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I just finished my first new (from Jantz Wyoming kit!)  creation. My first knife work attempt was restoration (or rather re-scaling) and old damaged and abused Western. I decided to start with a pair of Jantz kits first a Wyoming, then a Platte still to come. After that, I have a few blanks with some white sunbleached buffalo bone and black buffalo horn scales that I will be making for a friend, my son, and son in law. Each knife will get a sheath made from home tanned deer hide, harvested in the 2015 - 2016 black powder season.

I'm not overly keen on the Dymondwood scales Jantz supplies with the Wyoming and Platte kits - but it's not bad, easy to work with and looks quite good.. I read a lot of negative comments on a number of other sites about Dymondwood and cheap knives while searching for any recommendations on sealing or in any way finishing the Dymondwood. But in the end, my thinking was if Dymondwood is good enough for Buck knives which I think are generally very good - then it's good enough for me. At least for my first attempts.

I have some Patagonian Rosewood that is going to make it onto a knife some day which I think is going to be really nice.

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I forgot to say - tools use were a small WEN 9" throat x 62" band saw, a little Harbor Freight 1x30 belt sander, and a Dremel 4000 with Dremel "workstation" drill press. And a hand held power drill to drill the scales to 3/16 after an initial 1/8 pilot hole using the Dreml press to ensure pin holes were properly vertical.

Basic tools, but not much space in my little townhouse and a small plastic shed in the back garden.

Major kudos to you, allanm.

Absolutely great way to start.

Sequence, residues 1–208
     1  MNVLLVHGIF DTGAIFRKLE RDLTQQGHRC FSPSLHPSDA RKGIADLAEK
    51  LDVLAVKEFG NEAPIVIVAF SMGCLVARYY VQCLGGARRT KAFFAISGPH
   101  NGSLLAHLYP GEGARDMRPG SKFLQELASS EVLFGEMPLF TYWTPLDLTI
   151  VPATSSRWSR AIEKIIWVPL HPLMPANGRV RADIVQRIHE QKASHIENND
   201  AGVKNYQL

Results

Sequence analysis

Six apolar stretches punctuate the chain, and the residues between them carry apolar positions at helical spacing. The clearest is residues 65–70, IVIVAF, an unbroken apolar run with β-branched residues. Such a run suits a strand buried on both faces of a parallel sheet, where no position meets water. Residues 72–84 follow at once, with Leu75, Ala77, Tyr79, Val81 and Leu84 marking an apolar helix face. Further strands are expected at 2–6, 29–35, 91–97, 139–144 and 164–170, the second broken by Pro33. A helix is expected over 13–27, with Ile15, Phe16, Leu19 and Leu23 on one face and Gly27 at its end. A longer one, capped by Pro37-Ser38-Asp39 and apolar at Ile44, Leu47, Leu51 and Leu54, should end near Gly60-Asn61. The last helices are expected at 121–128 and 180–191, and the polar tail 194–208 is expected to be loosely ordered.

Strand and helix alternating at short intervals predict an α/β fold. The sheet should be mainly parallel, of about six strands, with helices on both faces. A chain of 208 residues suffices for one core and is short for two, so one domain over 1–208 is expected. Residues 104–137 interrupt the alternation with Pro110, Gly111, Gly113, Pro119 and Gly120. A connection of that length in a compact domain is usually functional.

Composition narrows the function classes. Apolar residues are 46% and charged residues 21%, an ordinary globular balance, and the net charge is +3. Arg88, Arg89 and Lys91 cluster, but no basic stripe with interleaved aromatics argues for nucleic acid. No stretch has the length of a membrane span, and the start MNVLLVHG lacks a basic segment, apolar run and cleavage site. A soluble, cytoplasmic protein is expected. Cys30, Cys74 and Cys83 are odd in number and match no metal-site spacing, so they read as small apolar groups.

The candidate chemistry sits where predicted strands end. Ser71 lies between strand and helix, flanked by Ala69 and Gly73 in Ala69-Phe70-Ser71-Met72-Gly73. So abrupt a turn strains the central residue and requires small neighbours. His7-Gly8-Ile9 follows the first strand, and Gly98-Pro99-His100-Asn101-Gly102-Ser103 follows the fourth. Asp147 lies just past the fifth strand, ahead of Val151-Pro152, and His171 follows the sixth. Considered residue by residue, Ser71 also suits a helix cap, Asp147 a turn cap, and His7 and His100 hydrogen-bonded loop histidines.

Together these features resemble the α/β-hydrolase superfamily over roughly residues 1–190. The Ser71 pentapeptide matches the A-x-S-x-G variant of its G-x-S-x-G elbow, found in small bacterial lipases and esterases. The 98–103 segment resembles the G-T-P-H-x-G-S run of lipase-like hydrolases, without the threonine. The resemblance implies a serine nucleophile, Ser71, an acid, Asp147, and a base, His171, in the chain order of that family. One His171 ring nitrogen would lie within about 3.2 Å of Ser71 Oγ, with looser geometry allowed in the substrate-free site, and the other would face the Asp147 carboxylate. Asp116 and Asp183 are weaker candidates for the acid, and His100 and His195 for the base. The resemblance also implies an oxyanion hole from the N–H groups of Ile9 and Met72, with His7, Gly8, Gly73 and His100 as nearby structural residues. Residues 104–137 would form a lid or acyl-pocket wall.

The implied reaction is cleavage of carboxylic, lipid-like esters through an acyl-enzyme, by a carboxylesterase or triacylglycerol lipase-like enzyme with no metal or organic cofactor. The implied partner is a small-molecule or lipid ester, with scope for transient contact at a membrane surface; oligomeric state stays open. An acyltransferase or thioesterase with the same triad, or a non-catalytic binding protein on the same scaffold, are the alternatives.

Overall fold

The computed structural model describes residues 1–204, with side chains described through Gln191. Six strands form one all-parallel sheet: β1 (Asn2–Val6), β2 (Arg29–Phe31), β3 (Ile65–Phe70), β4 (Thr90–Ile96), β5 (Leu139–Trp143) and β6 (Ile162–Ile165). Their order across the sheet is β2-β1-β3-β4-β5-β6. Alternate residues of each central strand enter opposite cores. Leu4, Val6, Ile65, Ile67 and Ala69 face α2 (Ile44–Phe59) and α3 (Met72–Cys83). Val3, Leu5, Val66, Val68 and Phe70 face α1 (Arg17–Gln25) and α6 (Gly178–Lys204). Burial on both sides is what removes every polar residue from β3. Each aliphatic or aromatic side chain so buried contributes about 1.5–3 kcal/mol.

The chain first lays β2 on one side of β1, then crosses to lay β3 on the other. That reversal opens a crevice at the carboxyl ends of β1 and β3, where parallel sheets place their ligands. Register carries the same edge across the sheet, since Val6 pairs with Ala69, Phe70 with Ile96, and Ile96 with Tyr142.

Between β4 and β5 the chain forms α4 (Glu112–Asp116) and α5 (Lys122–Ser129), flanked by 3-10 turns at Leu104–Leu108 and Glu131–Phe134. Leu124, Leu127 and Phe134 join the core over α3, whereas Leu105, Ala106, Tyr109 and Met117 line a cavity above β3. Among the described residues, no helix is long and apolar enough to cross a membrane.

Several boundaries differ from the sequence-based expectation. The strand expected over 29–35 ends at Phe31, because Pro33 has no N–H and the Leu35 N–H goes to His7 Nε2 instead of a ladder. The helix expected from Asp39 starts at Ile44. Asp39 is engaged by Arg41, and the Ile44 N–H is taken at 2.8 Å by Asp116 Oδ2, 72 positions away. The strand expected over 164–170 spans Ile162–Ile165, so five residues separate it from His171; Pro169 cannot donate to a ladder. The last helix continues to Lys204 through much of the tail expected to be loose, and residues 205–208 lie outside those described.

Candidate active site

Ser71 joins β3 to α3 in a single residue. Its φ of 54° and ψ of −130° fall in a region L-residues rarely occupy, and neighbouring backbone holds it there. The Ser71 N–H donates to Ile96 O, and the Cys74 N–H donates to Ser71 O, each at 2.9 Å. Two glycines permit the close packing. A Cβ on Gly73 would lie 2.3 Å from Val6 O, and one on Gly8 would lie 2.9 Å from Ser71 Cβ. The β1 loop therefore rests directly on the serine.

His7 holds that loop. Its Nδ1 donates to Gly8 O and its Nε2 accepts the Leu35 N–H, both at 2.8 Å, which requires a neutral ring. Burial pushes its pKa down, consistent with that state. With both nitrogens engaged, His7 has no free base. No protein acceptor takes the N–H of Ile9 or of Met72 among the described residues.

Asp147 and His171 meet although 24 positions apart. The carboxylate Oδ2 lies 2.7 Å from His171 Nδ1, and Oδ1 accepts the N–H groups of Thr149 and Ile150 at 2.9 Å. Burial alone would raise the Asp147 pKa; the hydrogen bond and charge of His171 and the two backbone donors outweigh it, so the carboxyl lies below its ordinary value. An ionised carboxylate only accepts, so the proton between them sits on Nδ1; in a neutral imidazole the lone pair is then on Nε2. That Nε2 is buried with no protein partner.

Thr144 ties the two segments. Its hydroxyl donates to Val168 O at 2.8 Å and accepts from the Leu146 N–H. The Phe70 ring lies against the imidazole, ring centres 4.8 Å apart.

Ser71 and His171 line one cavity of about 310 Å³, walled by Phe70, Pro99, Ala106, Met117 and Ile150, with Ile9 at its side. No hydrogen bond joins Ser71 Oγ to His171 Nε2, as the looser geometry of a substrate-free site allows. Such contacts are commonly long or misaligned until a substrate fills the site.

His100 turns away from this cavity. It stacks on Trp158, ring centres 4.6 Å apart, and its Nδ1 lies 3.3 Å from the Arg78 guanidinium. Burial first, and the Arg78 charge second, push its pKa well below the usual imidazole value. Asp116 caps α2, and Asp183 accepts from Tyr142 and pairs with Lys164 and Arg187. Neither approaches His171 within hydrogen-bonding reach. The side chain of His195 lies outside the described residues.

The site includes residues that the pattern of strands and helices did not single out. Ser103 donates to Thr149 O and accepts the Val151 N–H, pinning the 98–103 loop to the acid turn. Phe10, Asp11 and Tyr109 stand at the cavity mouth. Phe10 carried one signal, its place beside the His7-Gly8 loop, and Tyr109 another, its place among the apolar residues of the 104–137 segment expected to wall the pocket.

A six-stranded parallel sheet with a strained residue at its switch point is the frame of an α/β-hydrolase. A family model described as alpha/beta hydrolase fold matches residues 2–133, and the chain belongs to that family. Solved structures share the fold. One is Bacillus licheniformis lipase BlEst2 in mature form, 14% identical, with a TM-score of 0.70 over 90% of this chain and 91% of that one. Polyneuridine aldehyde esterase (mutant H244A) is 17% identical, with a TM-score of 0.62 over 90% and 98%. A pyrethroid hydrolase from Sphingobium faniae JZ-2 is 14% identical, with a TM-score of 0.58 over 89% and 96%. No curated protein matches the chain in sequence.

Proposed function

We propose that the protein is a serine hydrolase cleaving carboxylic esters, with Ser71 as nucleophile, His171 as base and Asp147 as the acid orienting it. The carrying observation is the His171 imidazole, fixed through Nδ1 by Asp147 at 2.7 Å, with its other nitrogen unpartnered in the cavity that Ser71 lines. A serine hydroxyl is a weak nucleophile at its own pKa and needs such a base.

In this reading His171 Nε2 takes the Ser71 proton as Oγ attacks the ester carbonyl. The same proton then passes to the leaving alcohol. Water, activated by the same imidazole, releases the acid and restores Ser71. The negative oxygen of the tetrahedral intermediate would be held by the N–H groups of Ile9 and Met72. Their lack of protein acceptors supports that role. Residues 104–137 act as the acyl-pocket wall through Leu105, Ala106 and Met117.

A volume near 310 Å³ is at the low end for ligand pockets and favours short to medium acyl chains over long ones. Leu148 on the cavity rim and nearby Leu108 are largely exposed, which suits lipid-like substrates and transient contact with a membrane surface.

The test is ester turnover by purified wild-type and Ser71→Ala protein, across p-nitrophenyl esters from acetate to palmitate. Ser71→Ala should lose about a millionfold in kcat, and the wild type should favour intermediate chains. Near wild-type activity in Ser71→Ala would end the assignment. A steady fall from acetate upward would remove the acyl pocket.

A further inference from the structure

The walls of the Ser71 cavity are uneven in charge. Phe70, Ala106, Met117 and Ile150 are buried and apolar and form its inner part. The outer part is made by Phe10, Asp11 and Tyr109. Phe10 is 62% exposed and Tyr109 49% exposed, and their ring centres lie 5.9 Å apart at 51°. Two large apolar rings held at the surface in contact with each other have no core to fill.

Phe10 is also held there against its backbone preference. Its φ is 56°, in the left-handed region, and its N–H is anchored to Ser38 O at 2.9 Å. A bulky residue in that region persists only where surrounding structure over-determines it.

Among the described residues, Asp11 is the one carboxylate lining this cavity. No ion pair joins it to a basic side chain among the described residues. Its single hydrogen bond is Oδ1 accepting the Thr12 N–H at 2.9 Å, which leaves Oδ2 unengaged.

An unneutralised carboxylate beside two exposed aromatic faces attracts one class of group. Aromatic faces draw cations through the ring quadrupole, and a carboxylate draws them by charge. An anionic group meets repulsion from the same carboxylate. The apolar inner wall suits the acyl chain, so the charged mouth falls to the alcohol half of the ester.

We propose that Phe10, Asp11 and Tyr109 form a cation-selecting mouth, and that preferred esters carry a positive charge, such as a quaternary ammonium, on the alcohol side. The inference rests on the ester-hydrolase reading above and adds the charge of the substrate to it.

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I .. like you .. am not fond of diamond wood.

Specifically .. the black/red .. black/red/green .. etc variety.

I will not mince words .. looks cheap to me.

<Note: Yours looks fine.>

It is however durable & easy to work with.

..and..

A convenient & cost effective way to learn. i.e. I'd rather mess up a piece of diamond wood than Desert Ironwood !!

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Congrats .. Looks Great !!

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Enjoy

D ale

Well Allan, I think it came out real well!  How does it feel in the hand?  Dymondwood is a great way to start actually.  Inexpensive and soft enough to get the feel for shaping but hard enough to make a decent finished handle

Thanks Dale, Jan - it does feel good, I thinned it down quite a bit. The original squared scales supplied were 3/8" thick. I'm not big, but not tiny either, and in my hands that was just ridiculously thick. By the time I was done, according to my little digital caliper, the total thickness is 18.5mm - 47/64"

I wondered also about tapering the thickness from the back towards the blade, and tapering down a little from the top towards the blade as well but decided not to over complicate things, especially on my first attempt.

I think a grinder / buffing wheel or dedicated buffer might be in my future too! Maybe also a spindle sander. :-)

allanm

Allow me to reinforce

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!!! .. WONDERFUL RESULT .. !!!

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Without offense .. please also let me suggest.

I temporarily assemble / test fit / dis-assemble / modify / repeat process

!!!!!  ...numerous times...  !!!!!

before final pinning .. to aid in the issue you've mentioned above .. among others

It is simply part of the learning process.

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some final handle trimming & further modification is always required ..but.. reduced by doing so

my projects are loosely assembled for "test fitting" multiple times before final epoxy & pinning

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last but foremost .. let me reiterate

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!!! .. WONDERFUL RESULT .. !!!

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D ale

allanm

Re: your statement

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I wondered also about tapering the thickness from the back towards the blade, and tapering down a little from the top towards the blade as well but decided not to over complicate things, especially on my first attempt.

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Some / much of this can still be performed with the 1X30 sander.